Synechism in the Video Games Design

Synechism in the Video Games Design

Francisco V. Cipolla-Ficarra (Latin Association of Human-Computer Interaction, Spain & International Association of Interactive Communication, Italy), Jacqueline Alma (Electronic Arts – Vancouver, Canada) and Alejandra Quiroga (Universidad Nacional de La Pampa, Argentina)
DOI: 10.4018/978-1-4666-7377-9.ch002
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Abstract

The authors present an analysis of the first set of elements belonging to the interactive design categories: layout (naturalness of metaphor) and content (storytelling), which make up synechism in video game design. In addition, they examine the evolution of the notion of the video game in relation to the advance of the software and hardware. Finally, the authors include in that analysis the changes in storytelling, due to the greater or lesser presence of the dynamic means and the static means of hypermedia communication.
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Introduction

The term synechism is a term that Charles S. Pierce coined to designate continuity (Colapietro, 1993). Although it is a word that stems from the Greek (zyneches “continuous” + ism from “together” + échein “to have”, “to hold”) and which has diverse applications in the context of the factual sciences. We use it in the current work to investigate some of the elements of the design of interactive systems which have stayed invariable across time. The notion of design in our case is made up by several categories (Cipolla-Ficarra & Villarreal, 2011): presentation or layout, content, navigation, structure, compatibility or connectibility and panchronic.

There are categories which serve to establish parallelisms among the online and off-line multimedia and hypermedia systems, aimed at education, information, etc., and entertainment, especially the video games (or videogames) of the so called digital born or Z generation. In the current work we will focus on the narrative aspect of the interactive systems. A narration which through interactive design is underpinned by components of the computer graphics, database, social networks, etc. (Mine, 2012; Denault, Kienzle, & Journey, 2011; White, Koch, Gehrke, & Demers, 2009; Badler, Palmer, & Bindiganavale, 2012; Shahabi et al., 2007; Morris, 2012; Churchill, Bowser, & Preece, 2013), and in order to increase communicability among the users and the interactive systems. This underpinning has an essential goal, to make the users surf through the whole content of the system, since starting from the first hypertexts, sequentiality in the reading of a text, for instance, can be interrupted.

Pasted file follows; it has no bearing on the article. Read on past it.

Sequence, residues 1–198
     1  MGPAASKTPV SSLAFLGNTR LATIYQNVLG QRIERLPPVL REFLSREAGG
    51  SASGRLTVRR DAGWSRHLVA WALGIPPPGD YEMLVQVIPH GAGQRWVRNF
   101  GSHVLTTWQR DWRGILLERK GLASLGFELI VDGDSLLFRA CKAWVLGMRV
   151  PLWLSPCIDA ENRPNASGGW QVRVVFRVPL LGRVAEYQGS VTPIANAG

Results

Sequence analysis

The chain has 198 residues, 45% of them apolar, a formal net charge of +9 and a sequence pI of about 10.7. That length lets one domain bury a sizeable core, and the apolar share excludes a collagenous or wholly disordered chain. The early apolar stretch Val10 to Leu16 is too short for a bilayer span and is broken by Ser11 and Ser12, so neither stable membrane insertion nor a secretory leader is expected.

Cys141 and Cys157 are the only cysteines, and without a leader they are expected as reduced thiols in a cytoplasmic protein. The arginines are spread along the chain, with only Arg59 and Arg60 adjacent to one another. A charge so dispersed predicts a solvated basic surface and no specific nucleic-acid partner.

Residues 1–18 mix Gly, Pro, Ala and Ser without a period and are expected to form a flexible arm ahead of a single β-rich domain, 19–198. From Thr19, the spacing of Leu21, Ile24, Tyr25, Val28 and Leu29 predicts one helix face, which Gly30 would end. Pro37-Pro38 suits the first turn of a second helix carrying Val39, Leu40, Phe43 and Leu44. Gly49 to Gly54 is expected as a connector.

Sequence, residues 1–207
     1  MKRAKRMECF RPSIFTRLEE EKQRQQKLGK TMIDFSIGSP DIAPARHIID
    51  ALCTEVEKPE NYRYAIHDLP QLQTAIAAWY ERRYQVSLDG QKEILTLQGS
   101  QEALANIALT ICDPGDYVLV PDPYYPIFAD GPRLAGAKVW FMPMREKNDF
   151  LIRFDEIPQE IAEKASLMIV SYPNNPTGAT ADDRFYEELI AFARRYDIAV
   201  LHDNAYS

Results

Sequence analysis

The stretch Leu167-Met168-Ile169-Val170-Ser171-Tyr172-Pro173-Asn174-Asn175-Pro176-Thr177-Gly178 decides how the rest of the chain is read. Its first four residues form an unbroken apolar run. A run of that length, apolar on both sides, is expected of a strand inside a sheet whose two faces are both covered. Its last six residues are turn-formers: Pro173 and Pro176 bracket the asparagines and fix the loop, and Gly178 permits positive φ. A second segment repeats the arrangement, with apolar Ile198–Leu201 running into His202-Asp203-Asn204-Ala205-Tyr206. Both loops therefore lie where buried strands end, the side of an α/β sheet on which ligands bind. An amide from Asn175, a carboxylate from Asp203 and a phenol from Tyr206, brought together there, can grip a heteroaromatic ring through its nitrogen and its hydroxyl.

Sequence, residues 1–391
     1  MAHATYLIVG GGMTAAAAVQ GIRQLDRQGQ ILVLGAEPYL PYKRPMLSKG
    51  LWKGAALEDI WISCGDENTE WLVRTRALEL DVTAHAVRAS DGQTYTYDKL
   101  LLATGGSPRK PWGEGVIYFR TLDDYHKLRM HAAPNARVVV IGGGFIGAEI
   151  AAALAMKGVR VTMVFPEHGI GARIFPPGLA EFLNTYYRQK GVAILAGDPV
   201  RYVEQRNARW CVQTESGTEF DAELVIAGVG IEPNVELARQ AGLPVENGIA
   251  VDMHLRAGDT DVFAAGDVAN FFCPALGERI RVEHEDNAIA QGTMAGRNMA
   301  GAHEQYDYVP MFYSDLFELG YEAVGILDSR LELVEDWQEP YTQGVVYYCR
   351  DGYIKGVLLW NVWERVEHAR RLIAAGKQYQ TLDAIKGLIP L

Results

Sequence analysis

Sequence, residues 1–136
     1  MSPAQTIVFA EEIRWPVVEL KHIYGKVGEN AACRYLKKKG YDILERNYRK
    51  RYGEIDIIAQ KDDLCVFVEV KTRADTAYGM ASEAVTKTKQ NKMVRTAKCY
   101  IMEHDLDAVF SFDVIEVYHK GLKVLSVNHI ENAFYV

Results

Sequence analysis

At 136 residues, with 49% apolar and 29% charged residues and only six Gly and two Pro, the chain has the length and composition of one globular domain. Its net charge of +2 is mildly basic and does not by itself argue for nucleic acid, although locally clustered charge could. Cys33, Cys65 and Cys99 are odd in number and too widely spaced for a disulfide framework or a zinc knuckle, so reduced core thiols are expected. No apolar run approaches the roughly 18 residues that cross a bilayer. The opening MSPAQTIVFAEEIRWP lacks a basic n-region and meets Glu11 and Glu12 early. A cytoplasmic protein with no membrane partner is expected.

The first commercial hypertexts stemming from the software multinationals such as Microsoft or Corel (Cowpland Research Laboratory) included the whole literary work in multimedia off-line support such as CD-ROM, CD-I, DVD, etc. The novelty of the interactive support required special solutions for the graphical interfaces and usability engineering in the early 90s, since the democratization of contents in digital supports was taking place. First the static means prevailed (texts, sketches, graphics, etc.) above the dynamics (video, computer animations, audio, etc.), for reasons of capacity in the storage of the information and speed in the access to said information (Cipolla-Ficarra et al., 2011). As the speed of the personal computer processors and the graphic cards was increasing, there was a tendency for the dynamic means to surpass the static means, especially with the momentum of the multimedia video games in the mid 90s. With the democratization of the Internet in the 90s, again the cycle repeated itself, in terms of the dynamic means surpassing the dynamic means due to the speed of the net, that is, the transmission of bits per seconds.

Key Terms in this Chapter

Playability: Is defined as a set of properties that describe the user/player experience using a specific game system/video game whose main objective is to provide enjoyment, entertainment and learning strategies, for instance.

Naturaless of the Metaphor: The user’s ability to understand the set of images that make up the structure of the interface. An image is natural when by itself it tends to suggest a single meaning. The naturalness of the image is in direct relation to the representation by simulation of the real world.

Video Game: Is an electronic game that involves human interaction with one or more user/s interface/s to generate audio-visual feedback, for instance, on a video device.

Communicability: A qualitative communication between the user and the interactive system, such as hypermedia, mobile phones, virtual reality, immersion multimedia, among others. The extent to which an interactive system successfully conveys its functionality to the user.

Synechism: Is a term that Charles S. Pierce coined to designate continuity. Although it is a word that stems from the Greek (zyneches “continuous” + ism from “together” + échein “to have”, “to hold”) and which has diverse applications in the context of the factual sciences,

Interactive System: It is a computer device made up by a CPU and peripherals, whose functioning requires a constant interaction with the user. Currently these systems tend to their miniaturization, the mobility and wireless connectability among them.

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